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We humans are very complex! We’re all very diverse with different needs, personalities, and behaviours. We don’t always behave in a sensible and positive way; we say and do the wrong things and don’t always understand each other. Throughout your life, you’ll meet lots of different people and make lots of different kinds of friends. Some friends you’ll only know for a short time, but others, you will know for your whole life.

Friendships can have a major impact on your health and wellbeing and whether they’re friends you’ve had since you were young or people you only know online, it’s important that your friends have a positive effect on your life. Friends can come in all shapes and sizes; from different backgrounds, with different experiences, they may have different interests to you, but what is important is how they make you feel. Friends come and go in our life, and it doesn’t matter how long a friendship lasts, the most important thing is that your friends accept you for you. Friendships are an essential ingredient in a happy life, so it’s important to give them the care and attention they deserve.

Friendship is not a ‘one size fits all’. It’s different for everyone. But the one thing that will be the same is the definition of a friend. For most of us, this will be someone we feel connected to, someone who is there for us, someone we trust, someone we enjoy spending time with. A friend is someone who understands you and if they don’t, they try to. They want to know what you’re about and what you need. Genuine friends are ones who want to know ‘what you’re up to these days’. Not to judge you or compare their life to yours or to compete against you, but simply due to an authentic interest in your life. They are there for you when they can be, but will also set boundaries when they need to. Many things make someone a good friend, and the definition of what makes a true friendship differs from person to person.

Qualities of a Good Friend

We’ve compiled a big list of qualities that make for a good friend, and help remind us of how we also can be a great friend to those special people in our lives:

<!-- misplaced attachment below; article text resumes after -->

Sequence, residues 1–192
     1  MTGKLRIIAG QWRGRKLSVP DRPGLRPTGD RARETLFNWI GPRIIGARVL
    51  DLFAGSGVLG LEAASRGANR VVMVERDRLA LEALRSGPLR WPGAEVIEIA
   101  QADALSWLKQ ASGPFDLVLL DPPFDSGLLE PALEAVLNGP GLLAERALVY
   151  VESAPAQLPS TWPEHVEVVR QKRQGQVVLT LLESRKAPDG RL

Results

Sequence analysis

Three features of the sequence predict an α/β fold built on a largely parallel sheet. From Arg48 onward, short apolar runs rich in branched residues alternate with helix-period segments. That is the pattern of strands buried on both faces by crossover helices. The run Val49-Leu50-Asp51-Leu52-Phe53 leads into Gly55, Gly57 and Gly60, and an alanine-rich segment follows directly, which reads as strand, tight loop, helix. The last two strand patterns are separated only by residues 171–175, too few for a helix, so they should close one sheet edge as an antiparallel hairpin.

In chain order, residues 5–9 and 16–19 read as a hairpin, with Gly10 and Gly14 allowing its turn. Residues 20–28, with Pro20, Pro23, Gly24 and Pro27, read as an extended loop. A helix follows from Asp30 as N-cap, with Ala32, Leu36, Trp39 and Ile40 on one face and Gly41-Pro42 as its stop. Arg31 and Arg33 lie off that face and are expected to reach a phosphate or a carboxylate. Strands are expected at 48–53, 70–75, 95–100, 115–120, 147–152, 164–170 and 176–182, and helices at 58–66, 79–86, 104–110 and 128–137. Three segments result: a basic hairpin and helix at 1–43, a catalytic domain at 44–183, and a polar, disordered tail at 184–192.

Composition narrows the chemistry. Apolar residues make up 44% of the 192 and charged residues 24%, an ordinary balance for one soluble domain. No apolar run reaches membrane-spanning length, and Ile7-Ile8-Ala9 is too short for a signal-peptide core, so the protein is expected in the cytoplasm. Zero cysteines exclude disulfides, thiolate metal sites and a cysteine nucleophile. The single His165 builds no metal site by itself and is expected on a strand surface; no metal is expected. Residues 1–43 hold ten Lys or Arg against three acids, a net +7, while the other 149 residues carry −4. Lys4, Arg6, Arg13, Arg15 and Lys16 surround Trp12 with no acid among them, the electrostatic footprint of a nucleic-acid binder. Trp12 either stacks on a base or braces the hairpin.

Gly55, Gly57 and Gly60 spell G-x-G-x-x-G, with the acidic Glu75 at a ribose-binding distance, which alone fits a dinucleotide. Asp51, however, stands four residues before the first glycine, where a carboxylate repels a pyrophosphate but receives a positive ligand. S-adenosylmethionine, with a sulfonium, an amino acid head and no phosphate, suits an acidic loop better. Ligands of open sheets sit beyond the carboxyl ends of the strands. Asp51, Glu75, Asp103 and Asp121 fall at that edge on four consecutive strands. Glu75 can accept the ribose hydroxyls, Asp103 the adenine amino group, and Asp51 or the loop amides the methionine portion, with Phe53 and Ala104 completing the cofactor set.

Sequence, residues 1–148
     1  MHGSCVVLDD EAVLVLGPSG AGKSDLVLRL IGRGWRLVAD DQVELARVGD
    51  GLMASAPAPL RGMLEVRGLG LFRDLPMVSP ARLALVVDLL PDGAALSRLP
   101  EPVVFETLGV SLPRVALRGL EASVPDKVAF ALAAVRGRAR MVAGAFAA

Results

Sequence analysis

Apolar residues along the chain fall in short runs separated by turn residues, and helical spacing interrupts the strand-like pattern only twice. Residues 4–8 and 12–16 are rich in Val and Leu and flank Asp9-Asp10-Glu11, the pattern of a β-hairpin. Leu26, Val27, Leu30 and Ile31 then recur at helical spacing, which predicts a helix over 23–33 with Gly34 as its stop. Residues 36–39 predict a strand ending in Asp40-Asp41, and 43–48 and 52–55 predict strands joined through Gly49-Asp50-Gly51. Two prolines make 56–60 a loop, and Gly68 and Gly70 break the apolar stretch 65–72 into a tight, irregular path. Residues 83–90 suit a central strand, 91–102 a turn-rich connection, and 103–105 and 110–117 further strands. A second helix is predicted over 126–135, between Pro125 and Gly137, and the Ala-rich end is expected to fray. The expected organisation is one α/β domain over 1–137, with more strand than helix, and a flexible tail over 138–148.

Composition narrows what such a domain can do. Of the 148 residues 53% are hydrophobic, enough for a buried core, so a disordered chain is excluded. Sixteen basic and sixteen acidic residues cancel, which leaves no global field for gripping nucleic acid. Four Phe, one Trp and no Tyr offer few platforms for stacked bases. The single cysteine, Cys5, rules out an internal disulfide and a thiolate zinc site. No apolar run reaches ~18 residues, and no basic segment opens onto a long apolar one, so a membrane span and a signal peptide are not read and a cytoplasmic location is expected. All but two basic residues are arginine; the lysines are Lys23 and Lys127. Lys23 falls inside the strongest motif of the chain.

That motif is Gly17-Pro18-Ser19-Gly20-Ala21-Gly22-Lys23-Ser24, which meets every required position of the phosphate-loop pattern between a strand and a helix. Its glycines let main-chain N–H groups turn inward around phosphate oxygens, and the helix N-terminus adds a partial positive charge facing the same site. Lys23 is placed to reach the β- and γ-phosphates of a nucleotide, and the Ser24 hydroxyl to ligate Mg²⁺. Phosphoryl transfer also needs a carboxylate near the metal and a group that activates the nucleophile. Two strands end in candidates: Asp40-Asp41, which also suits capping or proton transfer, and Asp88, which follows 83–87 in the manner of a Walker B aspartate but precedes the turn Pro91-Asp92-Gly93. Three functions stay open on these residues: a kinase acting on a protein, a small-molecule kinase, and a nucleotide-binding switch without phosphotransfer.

• They make you feel happy: A good friend will say and do things that will make you feel happy. They will give you compliments and will be happy for you in the good times.
  • You can tell them anything: Whether it’s something that is bothering you, or something you are excited about, you will be able to tell a good friend anything and know they won’t tell anyone else. They are loyal.
  • They’re supportive: If you’re feeling sad or something is bothering you, they will be supportive and there to help you through.
  • They’re honest with you: It may not be what you want to hear, but you know they’re only telling you because they care about you and want what is best for you.
  • They listen to you: A true friend will always listen to you and won’t interrupt you. They’re interested in what you have to say.
  • They’re respectful: A good friend will respect and value your differences. They will encourage you rather than trying to make you feel bad for liking something different to them or having a different opinion.
  • They are trustworthy: You can trust them with your possessions, your secrets, and with your money. You know that you can completely trust them.
  • They don’t gossip: A good friend doesn’t gossip about you behind your back. They know it’s not nice and would never do anything to hurt you or your reputation.
  • They will stand up for you: They won’t let others speak badly about you when you’re not there. They will correct any wrong information and always have your back.
  • They are reliable: There will be times when we all forget something we were meant to do, but most of the time, good friends do what they say they will do, remember important dates and are there when they say they will be there.

Friendships are a crucial part of living a happy life. It’s so important that we surround ourselves with people who we have fun with, who support us, and people who make us feel good. Positive friendships help prevent isolation and loneliness. Being with people who share your interests and values can increase your happiness, reduce stress, and improve your self-confidence.

Our friendships can help our mental health and overall happiness.

Friends or Followers?

In today’s world, young people spend a lot of time socialising online. This can be with people they know in the offline world as well as those they have never met face-to-face. The online world can be a wonderful way to connect with those who have similar interests and beliefs, and is a whole new way of navigating new friendships, sharing and connecting in a public space. It’s hard to imagine a world without social media. So many people have an account on Facebook, Instagram, Twitter – or all three! You can connect with your friends even when you can’t see them in person.